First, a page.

In African-American circles, the term “Uncle Tom” has become a byword for, at best, a foolishly non-resistant member of the race and, at worst, a traitorous collaborator in white oppression. Without a doubt, many of those who use this disparaging term have never opened Uncle Tom’s Cabin. Certainly, as we read Harriet Beecher Stowe’s famous novel, we recognize in the title character a person with profound meekness and almost supernatural restraint. In more recent years, film has shown us the angry, combative former slave—in characters such as Quentin Tarentino’s Django, Denzel Washington’s character from Glory, or the role in Hell on Wheels played by Common. These characters appear on the screen like anachronistic Malcolm X clones, yet reality suggests a slightly less strident character. Even the righteously indignant (and marvelously articulate) Frederick Douglass demonstrates a great deal less rage and a more restraint than these Hollywood creations. Regardless, Uncle Tom seems an unnaturally cooperative fellow, the sort of man who would forgive a brother seventy times seven or turn the other cheek when struck. In short, and I recognize that this is nothing original, Uncle Tom is portrayed as a Christ figure.
At the end of chapter 34, Uncle Tom is Jesus to Cassy’s “Woman at the Well.” After she offers him a drink, Tom “looked earnestly and pitifully into her face.
“’O, Missis, I wish you’d go to him that can give you living waters!’
“’Go to him! Where is he? Who is he?’ said Cassy.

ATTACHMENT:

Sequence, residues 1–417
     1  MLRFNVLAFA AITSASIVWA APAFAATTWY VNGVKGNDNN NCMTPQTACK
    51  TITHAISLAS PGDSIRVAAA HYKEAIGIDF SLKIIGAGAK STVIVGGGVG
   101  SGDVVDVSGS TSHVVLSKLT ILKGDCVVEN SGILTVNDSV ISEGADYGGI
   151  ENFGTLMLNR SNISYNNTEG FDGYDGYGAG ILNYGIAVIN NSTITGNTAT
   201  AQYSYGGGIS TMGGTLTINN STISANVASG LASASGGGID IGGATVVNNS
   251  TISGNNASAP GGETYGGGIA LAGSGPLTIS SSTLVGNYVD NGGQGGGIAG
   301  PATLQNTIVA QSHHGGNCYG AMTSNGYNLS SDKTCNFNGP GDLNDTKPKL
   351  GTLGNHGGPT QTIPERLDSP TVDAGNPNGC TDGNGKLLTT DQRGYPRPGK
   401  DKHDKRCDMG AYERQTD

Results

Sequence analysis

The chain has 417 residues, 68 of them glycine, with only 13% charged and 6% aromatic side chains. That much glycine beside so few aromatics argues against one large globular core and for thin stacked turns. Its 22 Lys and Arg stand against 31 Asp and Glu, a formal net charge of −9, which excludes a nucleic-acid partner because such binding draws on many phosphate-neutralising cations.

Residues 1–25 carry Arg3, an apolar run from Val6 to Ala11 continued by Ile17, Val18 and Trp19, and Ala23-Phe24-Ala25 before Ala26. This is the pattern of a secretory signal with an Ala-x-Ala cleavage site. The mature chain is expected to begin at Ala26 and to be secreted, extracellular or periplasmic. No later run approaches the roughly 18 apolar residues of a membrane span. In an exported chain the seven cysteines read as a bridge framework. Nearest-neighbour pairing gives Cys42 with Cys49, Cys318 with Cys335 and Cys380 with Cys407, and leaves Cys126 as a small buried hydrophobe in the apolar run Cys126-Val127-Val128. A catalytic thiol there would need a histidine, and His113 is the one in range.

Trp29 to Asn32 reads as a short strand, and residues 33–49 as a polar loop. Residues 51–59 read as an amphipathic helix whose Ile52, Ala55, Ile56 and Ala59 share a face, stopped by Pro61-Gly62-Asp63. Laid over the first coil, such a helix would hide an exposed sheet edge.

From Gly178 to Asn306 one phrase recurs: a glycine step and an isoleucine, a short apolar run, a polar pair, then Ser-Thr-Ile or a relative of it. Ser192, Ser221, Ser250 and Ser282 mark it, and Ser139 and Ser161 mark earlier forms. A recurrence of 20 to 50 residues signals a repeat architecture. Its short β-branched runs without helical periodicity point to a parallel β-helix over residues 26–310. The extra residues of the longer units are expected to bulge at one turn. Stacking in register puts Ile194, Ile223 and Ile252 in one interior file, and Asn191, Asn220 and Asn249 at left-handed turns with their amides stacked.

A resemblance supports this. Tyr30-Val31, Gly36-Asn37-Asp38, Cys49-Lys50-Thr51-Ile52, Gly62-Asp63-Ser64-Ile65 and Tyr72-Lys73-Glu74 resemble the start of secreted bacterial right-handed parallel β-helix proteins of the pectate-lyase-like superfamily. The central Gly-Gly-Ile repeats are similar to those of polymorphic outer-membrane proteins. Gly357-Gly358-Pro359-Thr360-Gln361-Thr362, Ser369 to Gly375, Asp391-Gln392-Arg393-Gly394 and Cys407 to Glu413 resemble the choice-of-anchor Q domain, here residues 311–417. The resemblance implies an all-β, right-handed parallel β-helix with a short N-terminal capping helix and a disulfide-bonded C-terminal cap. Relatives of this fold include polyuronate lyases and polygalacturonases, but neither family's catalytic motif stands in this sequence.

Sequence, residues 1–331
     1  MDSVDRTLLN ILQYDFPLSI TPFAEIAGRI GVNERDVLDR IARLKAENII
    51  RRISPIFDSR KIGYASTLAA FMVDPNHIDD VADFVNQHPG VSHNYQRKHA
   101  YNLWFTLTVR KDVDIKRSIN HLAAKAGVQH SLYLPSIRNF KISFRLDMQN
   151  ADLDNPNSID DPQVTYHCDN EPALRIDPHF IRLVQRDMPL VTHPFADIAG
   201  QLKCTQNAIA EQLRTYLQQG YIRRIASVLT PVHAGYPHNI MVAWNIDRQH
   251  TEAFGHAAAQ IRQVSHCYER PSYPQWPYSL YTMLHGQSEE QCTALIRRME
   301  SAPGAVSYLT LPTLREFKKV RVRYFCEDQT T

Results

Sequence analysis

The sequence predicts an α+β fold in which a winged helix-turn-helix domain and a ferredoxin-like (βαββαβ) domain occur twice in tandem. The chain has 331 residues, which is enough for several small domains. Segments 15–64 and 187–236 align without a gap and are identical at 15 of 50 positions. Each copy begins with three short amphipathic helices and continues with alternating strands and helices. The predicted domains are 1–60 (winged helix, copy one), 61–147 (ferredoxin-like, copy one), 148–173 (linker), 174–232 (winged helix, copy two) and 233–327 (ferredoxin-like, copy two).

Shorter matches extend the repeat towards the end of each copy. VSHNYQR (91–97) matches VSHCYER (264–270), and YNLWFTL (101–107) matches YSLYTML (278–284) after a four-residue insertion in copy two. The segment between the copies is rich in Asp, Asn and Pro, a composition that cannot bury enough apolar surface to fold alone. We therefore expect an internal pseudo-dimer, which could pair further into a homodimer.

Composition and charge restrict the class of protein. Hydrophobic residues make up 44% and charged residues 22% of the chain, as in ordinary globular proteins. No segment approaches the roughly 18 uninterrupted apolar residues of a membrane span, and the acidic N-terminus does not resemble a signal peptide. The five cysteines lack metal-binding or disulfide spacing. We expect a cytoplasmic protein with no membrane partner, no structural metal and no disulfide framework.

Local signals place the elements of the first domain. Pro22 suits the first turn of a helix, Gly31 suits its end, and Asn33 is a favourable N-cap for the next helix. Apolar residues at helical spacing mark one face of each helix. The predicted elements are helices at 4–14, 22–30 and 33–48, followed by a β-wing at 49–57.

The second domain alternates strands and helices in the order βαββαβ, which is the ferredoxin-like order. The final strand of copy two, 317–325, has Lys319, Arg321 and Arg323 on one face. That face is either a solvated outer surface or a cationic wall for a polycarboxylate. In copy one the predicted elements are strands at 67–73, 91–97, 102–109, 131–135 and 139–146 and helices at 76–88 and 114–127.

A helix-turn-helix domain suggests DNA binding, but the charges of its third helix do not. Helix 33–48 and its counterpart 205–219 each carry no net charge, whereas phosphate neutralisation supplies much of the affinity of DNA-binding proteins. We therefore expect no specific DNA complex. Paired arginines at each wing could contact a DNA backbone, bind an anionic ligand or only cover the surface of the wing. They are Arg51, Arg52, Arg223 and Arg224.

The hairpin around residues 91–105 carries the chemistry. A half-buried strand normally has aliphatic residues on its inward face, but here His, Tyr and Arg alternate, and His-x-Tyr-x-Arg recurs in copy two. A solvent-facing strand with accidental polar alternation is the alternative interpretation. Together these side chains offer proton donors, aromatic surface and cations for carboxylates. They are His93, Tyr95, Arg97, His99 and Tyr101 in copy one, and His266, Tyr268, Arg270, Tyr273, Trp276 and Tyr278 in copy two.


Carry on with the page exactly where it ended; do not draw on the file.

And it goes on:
“’Him that you read of to me,–the Lord.’”
In this case, Stowe mimics the rhetorical move from literal water to spiritual water from John 4. She shows the confusion of the woman and the ability of the teacher to look beyond his own temporal needs—Jesus was thirsty and Tom had just been beaten—to eternal concerns.
Tom, of course, good Christian that he is, differs from Jesus in his woman-at-the-well exchange. Where Jesus sought to draw the Samaritan woman to himself, Tom aimed to draw Cassy toward Jesus. Nonetheless, we have to be impressed that this man can think of another after a beating, “such a breakin’ in as he won’t get over, this month.” In fact, Stowe seems to conflate the forgiving Jesus of “forgive them for the y know not what they do” or “today you will dine with me in Paradise” with this less stressed Jesus at the Well of Jacob into her long-suffering Tom.
What brought this beating onto Uncle Tom is significant as well, for it wasn’t an escape attempt, shirking, or insolence that drew Simon Legree’s ire. Instead, Tom’s “crime” lies in first helping a weaker slave make her quota of cotton and then in refusing to participate in her unjust flogging. If there is any righteousness in a basket of cotton, Tom can be said to have given his righteousness to one who could not come up with her own. Legree’s attempt at punishment ignored Tom’s imputed cotton righteousness, but then Tom stepped in to accept the unjust punishment.
Thus, when Stowe places her Tom-Jesus with Cassy-Samaritan Woman, she tweaks the Biblical account by siting it in the midst of Tom’s “passion” experience. Still, the man’s primary motivation, love for others, completely parallels that of Jesus. This is why I would argue that to dismiss Uncle Tom as a collaborator or a fool is to utterly miss Stowe’s point. One can weigh her Christian philosophy in the balance and find it wanting, as Simon Legree does with a despised slave’s cotton basket, but to pretend that such philosophy does not lie behind this novel, thus reducing Uncle Tom to a dupe is unfair to both the character and the author.